Fooling around on Linux Command Line

I have been a long time Linux user. I installed Slackware 2.3 with kernel version 1.2.8 which came with PC Quest magazine on a CD in 1996 on my then DOS 5.5 and Windows 3.1 PC. I became a Mandriva fan when I visited their booth at the Linux expo in 1999 held in New York and they gave me a CD of Mandriva 6.0. Today, I frequent between Mageia and Ubuntu. But there is no end to the things I keep learning on how to do things faster, better etc. in Linux and all from the command line.

I hope that this page will be a live document of some nice and some very useful Linux command line tricks. Here goes:

running the last command as Root> sudo !!
find your external IP address curl
empty any file without removing it > filename.txt
execute a command without saving it in the history _space_ command
backup a file before editing cp filename{,.bak}
traceroute with ping mtr
clear terminal screen ctrl-L
list of commands you use most often history | awk '{a[$2]++}END{for(i in a){print a[i] " " i}}' | sort -rn | head
run your previous command but replace “abc” with “xyz” !!:gs/abc/xyz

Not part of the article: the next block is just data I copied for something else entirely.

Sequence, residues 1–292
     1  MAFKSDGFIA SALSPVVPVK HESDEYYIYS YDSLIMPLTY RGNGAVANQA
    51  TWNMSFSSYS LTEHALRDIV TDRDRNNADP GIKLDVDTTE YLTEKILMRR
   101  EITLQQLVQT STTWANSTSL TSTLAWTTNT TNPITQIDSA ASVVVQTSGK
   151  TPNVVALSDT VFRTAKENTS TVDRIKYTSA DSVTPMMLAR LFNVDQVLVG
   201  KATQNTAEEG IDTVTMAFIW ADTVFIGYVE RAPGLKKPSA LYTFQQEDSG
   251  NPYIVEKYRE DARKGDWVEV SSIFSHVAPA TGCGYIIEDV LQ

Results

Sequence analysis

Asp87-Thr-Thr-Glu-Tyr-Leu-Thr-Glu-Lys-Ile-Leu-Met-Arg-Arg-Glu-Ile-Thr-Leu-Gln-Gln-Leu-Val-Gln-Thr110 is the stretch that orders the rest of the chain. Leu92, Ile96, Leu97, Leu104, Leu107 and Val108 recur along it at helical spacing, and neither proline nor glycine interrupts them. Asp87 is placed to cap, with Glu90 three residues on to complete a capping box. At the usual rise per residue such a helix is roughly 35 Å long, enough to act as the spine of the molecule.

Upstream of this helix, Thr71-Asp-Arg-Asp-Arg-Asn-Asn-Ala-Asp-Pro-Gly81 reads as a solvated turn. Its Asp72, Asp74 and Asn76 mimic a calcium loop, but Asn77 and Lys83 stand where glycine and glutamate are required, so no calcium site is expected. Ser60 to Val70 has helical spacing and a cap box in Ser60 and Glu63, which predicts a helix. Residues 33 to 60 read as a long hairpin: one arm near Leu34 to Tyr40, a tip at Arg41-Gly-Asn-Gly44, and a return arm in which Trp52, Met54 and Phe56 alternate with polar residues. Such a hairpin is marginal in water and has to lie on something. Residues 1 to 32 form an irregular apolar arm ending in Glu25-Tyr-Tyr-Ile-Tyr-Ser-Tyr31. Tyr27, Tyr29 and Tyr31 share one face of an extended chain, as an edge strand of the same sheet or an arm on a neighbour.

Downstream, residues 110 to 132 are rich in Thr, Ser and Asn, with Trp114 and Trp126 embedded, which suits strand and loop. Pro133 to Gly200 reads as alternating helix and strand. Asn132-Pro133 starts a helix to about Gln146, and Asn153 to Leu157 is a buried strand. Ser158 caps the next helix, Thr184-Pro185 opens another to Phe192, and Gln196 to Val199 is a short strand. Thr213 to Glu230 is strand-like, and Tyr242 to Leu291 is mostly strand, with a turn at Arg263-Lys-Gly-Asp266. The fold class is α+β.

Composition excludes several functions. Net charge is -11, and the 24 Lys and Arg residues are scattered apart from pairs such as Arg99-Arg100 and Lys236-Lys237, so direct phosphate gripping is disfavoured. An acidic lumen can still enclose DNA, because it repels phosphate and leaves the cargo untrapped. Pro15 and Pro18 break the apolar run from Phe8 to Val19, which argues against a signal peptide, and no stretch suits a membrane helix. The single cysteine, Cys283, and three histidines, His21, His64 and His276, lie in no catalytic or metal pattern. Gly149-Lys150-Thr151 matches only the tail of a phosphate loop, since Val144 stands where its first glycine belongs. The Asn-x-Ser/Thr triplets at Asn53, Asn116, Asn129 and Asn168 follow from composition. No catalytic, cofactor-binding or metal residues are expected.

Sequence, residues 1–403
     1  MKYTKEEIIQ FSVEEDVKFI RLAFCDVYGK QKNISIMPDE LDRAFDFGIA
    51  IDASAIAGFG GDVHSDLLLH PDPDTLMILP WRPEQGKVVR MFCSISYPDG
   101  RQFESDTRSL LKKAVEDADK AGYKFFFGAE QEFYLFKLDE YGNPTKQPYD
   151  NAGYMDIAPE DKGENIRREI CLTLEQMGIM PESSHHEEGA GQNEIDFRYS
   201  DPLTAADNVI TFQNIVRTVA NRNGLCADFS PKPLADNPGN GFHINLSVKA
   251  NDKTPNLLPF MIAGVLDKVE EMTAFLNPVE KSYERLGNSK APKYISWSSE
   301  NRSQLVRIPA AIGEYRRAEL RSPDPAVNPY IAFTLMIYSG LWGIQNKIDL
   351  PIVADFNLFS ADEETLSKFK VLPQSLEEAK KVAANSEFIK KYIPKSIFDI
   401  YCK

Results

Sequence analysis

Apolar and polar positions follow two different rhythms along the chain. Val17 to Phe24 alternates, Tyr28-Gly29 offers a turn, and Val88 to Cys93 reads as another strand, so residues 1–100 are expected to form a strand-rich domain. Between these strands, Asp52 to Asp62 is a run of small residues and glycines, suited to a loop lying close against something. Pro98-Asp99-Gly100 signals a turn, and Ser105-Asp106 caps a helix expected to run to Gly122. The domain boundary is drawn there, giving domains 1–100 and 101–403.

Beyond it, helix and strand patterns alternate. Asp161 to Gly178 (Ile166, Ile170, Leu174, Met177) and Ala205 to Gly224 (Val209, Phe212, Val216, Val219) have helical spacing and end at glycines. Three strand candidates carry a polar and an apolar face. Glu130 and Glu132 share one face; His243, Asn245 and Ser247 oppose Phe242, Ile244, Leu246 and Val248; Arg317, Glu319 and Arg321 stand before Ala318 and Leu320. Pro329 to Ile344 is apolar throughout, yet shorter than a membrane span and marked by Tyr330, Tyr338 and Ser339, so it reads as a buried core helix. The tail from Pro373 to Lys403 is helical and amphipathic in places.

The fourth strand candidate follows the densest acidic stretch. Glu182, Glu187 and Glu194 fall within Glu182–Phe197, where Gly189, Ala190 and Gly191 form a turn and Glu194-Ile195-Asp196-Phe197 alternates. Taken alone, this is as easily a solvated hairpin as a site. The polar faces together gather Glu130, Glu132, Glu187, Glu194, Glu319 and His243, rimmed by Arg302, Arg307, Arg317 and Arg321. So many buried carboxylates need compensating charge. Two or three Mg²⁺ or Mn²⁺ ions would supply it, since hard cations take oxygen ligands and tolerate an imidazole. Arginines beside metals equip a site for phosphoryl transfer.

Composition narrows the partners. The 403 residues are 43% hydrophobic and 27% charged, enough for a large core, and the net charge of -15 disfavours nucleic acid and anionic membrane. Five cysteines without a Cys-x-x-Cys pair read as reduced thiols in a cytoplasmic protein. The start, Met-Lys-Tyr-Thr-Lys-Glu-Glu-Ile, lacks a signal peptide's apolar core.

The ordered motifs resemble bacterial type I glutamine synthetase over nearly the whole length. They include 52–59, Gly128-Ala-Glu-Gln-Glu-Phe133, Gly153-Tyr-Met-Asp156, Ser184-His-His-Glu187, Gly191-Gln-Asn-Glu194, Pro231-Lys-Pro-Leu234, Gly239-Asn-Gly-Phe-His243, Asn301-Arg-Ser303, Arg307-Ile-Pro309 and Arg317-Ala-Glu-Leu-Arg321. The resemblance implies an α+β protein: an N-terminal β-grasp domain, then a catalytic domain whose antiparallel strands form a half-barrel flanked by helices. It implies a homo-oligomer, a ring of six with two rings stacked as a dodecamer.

combine two pdf files gs -q sDEVICE=pdfwrite -dNOPAUSE -dBATCH -dSAFER pdfFile1.pdf pdfFile2.pdf -sOutputFile=newFile.pdf
extract pages from a pdf file gs -sDEVICE=pdfwrite -dNOPAUSE -dBATCH -dSAFER -dFirstPage=startPageNumber -dLastPage=endPageNumber -sOutputFile=extractedPagesFile.pdf originalFile.pdf
identify the process listening on a port netstat -tulpn; ls -l /proc/processId/exe
find the process PID that opened port ABCXYZ fuser ABCXYZ/tcp or fuser ABCXYZ/udp
current working directory of a pid ABC ls -l /proc/ABC/cwd
owner of a process ABC ps aux | grep ABC
extract a small part of a video file starting at time specified by -ss and for time specified by -t ffmpeg -ss 00:00:30 -t 00:00:05 -i orginalfile -vcodec copy -acodec copy newfile
truncate a file to size 0 truncate -s 0 {filename.txt} OR cat /dev/null > largefile.txt OR cp /dev/null largefile.txt
passwordless SSH logins from a@A to b@B On A as 'a'
  1. ssh-keygen -t rsa -b 2048 (Don't enter a passphrase)
  2. ssh b@B mkdir -p .ssh
  3. cat .ssh/ | ssh b@B 'cat >> .ssh/authorized_keys'
  4. Done
create a colourful bash prompt export PS1="\e[0;32m[\u@\h \W]\$ \e[m " will give you a nice green prompt. Substitute 32 with 31 for red, 34 for blue and 36 for cyan. Check this list for more fun prompts and colours.
Sending HTTP POST requests from command line curl -d "param1=value1&param2=value2&param3=value3"
Sorted list of space used in a folder du --block-size=GiB --max-depth=1 | sort -n

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